In the “Downloads” section, check the option to “Ask where to save each file before downloading”.


Doing this will prevent a lot of malicious software from downloading itself automatically to your computer. It also gives you a greater sense of control of what gets on your PC.

We also recommend increasing security for Chrome by enabling Site isolation in your browser. It offers additional protection against some types of security bugs. You can do this by following the basic steps described in Google Chrome Help.

Microsoft Edge browser security tips and tricks

For Microsoft Edge, press the three-dot menu icon in the top right corner and select “Settings”. At the bottom of the menu, you will find the “View advanced settings” button.


Flash Player is a favorite hacking target for cybercriminals because of its numerous vulnerabilities. It’s a good idea if you disable it altogether.  Some website features and pages might stop working. On the upside, so will spammy and annoying page elements.

At the “Downloads” section, make sure the “Ask me what to do with each download” option is selected. This browser security feature prevents the browser from automatically downloading malware or other potentially dangerous software onto your PC.

In the “Privacy and security” section, deselect the “Offer to save passwords” and “Save form entries”. For secure browsing, it is of critical importance to close any possibilities cybercriminals might have of getting their hands on your valuable accounts, passwords, and personal information.

Don’t forget to turn on the option to “Send Do Not Track requests”. Once you turn this on, your browser will notify third-party websites not to track you across the internet.

The nuclear option: get Epic Privacy Browser instead

No matter how much you fiddle with browser privacy settings, some things can slip. If you want the best, most radical solution for private and secure browsing, try Epic Privacy Browser.

These are just a few of its features. It even features a free built-in VPN that will protect your browsing history from your ISP and secure you on public WiFi.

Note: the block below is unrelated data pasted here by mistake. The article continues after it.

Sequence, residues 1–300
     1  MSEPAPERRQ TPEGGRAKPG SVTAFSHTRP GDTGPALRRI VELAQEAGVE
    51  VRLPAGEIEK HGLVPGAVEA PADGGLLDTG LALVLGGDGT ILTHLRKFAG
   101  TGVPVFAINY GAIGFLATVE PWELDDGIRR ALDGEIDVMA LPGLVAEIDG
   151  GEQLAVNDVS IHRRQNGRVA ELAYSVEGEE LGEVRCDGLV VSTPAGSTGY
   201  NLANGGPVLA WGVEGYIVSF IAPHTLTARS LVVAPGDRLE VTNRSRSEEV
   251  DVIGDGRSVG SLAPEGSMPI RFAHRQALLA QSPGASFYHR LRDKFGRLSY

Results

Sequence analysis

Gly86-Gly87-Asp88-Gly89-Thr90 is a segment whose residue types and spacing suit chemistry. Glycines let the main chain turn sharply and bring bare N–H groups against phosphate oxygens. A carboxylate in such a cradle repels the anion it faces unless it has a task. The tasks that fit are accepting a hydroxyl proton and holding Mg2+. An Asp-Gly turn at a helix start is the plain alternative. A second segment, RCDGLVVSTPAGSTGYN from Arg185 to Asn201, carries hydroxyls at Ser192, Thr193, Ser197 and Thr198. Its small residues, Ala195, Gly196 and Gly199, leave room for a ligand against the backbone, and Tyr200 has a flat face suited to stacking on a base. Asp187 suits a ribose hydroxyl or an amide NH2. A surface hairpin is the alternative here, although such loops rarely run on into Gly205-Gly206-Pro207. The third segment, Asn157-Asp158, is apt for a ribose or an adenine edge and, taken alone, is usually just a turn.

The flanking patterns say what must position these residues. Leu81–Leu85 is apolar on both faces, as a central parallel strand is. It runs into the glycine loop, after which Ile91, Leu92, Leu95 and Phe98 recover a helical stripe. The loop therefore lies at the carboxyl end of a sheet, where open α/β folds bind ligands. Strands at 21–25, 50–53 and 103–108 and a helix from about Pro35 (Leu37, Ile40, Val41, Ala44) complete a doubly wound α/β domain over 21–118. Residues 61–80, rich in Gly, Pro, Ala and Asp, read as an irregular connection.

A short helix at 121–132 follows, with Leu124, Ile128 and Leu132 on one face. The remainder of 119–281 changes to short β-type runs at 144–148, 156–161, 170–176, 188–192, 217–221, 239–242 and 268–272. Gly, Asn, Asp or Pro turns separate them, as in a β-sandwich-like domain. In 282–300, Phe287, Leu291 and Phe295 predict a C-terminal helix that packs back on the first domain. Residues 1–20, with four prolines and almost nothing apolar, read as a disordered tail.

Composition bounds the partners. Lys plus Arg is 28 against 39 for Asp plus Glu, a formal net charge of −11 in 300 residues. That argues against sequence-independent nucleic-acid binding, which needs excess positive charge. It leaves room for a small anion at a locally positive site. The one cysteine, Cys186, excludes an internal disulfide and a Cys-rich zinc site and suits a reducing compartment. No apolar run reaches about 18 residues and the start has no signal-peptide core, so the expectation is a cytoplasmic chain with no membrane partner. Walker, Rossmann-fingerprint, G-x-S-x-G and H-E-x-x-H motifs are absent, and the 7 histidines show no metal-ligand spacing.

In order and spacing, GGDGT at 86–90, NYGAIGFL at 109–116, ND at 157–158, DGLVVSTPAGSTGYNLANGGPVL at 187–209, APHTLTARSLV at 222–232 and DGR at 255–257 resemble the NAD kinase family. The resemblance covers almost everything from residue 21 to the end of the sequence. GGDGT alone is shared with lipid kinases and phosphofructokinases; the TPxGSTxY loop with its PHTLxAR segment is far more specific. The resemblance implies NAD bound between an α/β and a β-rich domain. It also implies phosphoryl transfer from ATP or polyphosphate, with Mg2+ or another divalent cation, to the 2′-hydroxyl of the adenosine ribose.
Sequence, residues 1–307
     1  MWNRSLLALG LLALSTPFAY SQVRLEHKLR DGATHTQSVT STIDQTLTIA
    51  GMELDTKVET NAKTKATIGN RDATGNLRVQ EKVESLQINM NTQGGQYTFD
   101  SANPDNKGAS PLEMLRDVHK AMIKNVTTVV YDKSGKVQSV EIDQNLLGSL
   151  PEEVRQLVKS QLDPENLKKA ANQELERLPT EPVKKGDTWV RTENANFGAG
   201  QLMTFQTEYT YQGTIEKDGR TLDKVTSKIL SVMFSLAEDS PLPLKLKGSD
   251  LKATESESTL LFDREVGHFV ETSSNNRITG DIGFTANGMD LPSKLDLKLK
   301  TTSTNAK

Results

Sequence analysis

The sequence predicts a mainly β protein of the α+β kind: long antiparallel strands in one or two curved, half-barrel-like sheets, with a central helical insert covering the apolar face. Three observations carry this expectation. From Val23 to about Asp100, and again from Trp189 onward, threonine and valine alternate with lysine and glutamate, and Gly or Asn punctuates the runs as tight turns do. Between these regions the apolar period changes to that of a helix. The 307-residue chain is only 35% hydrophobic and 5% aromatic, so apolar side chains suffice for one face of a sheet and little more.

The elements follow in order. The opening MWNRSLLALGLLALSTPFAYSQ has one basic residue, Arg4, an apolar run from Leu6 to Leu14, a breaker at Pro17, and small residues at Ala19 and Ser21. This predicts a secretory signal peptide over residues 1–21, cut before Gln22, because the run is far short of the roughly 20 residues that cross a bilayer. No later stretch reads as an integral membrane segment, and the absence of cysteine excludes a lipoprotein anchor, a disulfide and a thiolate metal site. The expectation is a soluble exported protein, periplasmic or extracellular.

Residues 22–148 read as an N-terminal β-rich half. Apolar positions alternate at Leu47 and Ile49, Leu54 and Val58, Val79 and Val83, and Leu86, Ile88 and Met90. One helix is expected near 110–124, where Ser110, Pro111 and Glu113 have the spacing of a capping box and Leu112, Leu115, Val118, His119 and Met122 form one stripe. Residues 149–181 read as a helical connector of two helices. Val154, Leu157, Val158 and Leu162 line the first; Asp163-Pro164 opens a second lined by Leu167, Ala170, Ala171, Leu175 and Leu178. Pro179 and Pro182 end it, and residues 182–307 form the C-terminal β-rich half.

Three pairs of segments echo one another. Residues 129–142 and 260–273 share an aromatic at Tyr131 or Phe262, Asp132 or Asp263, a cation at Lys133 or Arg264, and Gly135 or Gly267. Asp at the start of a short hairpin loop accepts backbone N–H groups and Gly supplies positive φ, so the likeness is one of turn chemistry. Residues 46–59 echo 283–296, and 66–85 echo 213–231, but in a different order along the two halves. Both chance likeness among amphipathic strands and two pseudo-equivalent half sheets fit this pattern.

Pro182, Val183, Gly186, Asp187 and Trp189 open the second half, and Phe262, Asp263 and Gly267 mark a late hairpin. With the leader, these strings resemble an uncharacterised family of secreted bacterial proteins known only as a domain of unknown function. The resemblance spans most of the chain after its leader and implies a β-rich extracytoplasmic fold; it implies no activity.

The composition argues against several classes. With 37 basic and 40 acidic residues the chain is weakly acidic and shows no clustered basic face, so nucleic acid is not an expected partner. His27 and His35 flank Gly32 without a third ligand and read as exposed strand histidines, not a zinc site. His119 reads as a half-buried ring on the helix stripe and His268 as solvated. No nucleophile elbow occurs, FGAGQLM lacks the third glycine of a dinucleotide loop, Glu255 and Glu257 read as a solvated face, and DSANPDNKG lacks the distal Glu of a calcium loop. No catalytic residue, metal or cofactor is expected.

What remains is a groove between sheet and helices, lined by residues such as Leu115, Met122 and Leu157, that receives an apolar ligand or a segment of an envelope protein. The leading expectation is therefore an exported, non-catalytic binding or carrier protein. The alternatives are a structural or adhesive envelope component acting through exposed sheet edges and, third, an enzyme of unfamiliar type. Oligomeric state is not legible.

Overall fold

epic privacy browser for browser security

Another option: Comodo Dragon Internet Browser

Based on Chromium and developed by Comodo, an antivirus maker, the Dragon Internet Browser is a light, fast choice to the big browsers on the market.  In essence, it’s the best Chrome can offer, with another layer of browser security on top.

Not ready to make the jump yet? Here’s:

Best Chrome, Firefox, Internet Explorer and Edge extensions for browser security

While we are generally cautious of browser extensions since they can act as vehicles for malware, we’ve chosen 4 of them that can add an overall net benefit to your online security.

How to block ads, popups with special extensions

Consider these as alternatives to the rather hardcore option of disabling JavaScript altogether.

AdBlock Plus is a well-known browser extension that blocks ads and pop-ups from interfering with your secure browsing experience. It also had security issues in the past, but remains a popular choice for basic browser security,

However, we highly recommend using uBlock Origin, a free, open-source extension for Chrome, Chromium, Edge, Firefox, Opera, and Safari. What makes it better than AdBlock Plus? It’s more customizable and uses fewer resources. Pro-tip: a simple uBlock exists, but Origin completely unrelated. It is also widely regarded as the best version.

Protect your online privacy and anonymity with

Disconnect, available for Mozilla Firefox, Google Chrome and Internet Explorer is a very useful extension which manages to block third-party tracking cookies and you have the ability to control the scripts on the site using a simple toolbar menu. It also blocks your social media account from tracking your browsing history and private data.

Ghostery is available on Chrome, Firefox, Opera, and Safari. It’s an impressive tracking blocker that really turns you into a virtual ghost. By eliminating trackers it speeds up the browsing experience. It also removes all clutter and retargeting advertisements, offering secure browsing benefits by potentially blocking malvertising.

Bought a vacuum cleaner and now your Facebook, browser, and Skype are filled with ads for it? This is remarketing advertisement and Ghostery can kill it in its tracks.

ghostery extension for browser privacy

Privacy Badger is available only for Chrome and Firefox. It does block some advertising, but it’s mostly focused on educating you and other users. Electronic Frontier Foundation supports it, which is a major bonus.